Nearly 90% of all accidents in the workplace is caused by unsafe acts by employees. That’s a lot. For obvious reasons, employee health and safety is a priority in any workplace. However, because it is part of legislation, many employees feel that the onus is on the employer to take the lead and the initiative and enforce the rules and regulations.
But therein lies the problem: most employers cannot be everywhere at once, and so inevitably there are instances where it is up to the individual employee to comply with SHEQ regulations without someone staring over their shoulders.
The problem remains, however, that whether or not the employee chooses not to comply with SHEQ regulations, the employer remains accountable.
This means that you need to have systems in place that ensures compliance, not only from an organisational point of view but also a self-motivational one.
You need to make the employees want to comply with SHEQ regulations. Now how to do that?
The majority of accidents can be ascribed to the fact that the employee either doesn’t know how to do the job safely or doesn’t want to. Through proper training and regular refresher courses, you can ensure that they know how to work safely. You can also encourage compliance through accreditation and acknowledgement of training completed and implemented.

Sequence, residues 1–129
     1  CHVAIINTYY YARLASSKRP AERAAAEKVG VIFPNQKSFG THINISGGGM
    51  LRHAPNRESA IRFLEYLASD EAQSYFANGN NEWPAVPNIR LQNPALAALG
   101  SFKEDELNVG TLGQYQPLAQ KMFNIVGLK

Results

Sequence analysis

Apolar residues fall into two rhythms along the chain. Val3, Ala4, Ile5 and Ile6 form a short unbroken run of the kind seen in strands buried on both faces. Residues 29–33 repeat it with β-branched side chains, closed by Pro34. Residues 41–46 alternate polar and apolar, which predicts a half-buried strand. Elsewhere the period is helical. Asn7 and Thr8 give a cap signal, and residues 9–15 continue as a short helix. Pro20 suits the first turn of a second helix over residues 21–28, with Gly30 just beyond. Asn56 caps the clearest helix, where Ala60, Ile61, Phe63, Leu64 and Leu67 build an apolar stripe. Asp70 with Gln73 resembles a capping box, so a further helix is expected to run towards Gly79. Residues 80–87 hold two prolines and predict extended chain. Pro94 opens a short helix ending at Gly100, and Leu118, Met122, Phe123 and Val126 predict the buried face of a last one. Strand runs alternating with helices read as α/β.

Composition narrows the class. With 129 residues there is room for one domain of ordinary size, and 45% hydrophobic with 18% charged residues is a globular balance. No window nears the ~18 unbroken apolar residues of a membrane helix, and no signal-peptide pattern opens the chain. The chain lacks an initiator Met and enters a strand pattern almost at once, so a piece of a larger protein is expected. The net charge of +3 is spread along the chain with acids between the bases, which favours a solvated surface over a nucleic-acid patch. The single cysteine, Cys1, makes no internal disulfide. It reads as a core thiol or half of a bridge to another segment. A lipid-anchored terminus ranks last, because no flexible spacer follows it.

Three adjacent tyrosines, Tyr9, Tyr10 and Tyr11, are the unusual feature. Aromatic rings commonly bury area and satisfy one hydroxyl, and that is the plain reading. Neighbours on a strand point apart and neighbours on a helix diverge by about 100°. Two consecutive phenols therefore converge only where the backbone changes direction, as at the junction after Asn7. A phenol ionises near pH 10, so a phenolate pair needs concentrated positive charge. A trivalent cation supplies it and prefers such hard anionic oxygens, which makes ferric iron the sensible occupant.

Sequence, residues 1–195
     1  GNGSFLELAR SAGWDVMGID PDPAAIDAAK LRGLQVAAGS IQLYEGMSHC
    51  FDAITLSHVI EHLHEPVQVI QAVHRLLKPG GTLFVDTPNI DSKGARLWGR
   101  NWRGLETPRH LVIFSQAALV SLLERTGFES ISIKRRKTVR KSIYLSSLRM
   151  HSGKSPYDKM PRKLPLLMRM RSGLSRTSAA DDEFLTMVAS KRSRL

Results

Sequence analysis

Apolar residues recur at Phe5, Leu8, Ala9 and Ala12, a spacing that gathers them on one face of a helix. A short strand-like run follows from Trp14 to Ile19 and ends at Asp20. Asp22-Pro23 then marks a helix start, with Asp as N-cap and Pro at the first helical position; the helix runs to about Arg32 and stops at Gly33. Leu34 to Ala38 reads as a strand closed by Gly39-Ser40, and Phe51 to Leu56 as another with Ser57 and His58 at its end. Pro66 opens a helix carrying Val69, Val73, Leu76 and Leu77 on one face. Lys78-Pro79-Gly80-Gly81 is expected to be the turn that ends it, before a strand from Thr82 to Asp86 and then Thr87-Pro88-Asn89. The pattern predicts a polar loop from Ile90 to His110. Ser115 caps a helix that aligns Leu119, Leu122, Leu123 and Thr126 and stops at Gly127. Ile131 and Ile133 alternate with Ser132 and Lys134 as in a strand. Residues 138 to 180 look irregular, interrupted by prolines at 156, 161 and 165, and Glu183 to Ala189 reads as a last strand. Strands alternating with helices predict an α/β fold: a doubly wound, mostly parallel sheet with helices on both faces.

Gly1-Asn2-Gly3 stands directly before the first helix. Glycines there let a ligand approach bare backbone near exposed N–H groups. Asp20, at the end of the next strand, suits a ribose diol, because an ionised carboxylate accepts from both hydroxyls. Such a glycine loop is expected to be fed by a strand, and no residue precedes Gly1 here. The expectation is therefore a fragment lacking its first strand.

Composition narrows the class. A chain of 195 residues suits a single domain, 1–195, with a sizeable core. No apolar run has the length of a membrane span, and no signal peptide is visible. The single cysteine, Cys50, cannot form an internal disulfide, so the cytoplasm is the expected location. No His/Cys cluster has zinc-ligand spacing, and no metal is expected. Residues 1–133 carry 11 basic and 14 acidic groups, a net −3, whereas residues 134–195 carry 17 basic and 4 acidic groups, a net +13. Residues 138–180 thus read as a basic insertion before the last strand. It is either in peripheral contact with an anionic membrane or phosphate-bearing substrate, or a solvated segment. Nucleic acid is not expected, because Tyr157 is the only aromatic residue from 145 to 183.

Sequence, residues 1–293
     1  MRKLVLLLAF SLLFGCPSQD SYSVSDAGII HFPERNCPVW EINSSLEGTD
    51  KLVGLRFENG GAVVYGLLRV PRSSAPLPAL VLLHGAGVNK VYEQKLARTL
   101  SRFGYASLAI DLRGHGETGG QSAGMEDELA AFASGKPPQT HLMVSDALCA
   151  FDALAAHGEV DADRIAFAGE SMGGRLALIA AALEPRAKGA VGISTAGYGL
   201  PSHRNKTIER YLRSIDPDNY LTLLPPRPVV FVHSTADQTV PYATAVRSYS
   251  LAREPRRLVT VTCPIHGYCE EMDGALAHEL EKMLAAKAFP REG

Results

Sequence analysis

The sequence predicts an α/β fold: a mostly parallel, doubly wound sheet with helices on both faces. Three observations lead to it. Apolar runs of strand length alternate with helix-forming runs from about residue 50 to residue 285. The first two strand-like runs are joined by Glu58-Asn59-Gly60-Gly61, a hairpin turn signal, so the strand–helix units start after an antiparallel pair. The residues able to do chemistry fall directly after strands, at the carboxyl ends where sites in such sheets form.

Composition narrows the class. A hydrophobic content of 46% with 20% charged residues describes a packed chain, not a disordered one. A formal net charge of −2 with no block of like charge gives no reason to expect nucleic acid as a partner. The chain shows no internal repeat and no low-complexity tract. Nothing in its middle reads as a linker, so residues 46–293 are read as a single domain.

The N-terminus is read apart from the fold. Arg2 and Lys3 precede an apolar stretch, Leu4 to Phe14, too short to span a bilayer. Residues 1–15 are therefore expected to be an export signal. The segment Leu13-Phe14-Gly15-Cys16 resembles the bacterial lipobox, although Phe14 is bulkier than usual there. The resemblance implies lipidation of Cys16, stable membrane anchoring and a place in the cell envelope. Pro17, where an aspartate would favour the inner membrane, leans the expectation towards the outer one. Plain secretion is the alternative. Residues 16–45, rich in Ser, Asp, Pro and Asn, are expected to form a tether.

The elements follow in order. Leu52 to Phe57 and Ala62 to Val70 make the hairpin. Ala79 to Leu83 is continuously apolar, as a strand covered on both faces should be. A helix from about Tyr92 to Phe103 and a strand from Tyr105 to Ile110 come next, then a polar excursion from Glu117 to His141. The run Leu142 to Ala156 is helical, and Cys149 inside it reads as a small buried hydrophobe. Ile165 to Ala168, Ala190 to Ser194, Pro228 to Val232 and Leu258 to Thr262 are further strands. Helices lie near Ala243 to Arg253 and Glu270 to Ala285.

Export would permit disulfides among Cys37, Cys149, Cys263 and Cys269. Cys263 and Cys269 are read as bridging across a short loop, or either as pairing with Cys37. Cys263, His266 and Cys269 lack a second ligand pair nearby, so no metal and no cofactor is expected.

While the carrot is preferential to the stick, it is important to ensure that you also have effective and sufficient disciplinary measures in place to encourage employees to comply with SHEQ regulations.
To ensure that your employees are first of all aware of the SHEQ rules and regulations as imposed by law and applicable to your specific work environment, add a health and safety clause to the contract of employment. This clause should include that “failure to adhere to health and safety regulations may lead to disciplinary action and/or possible dismissal.”
To discourage employees frim wilfully ignoring SHEQ policies and procedures, you might consider creating a penalty system. Make sure that employees are aware that they may be fined for not following SHEQ regulations. Also ensure that they are aware of the legal implications of ignoring SHEQ regulations. It’s important that these regulations are applied consistently and indiscriminately – the same rule and penalty system should be applicable to everyone.
Another way to encourage compliance to SHEQ regulations is to prevent employees from damaging the company’s PPE. Damaging PPE is considered a criminal offense so you need to ensure that employees are aware of the legal implications of not being SHEQ compliant. Any employee who is found to have damaged or broken PPE needs to be held accountable for the digression – remember that people’s lives depend on whether this equipment is 100% safe and working, so damaging or breaking it is tantamount to criminal negligence.
Ensuring SHEQ compliance in the workplace can be challenging. With the right SHEQ solution, you simply have to implement the management tool and the software will do the rest.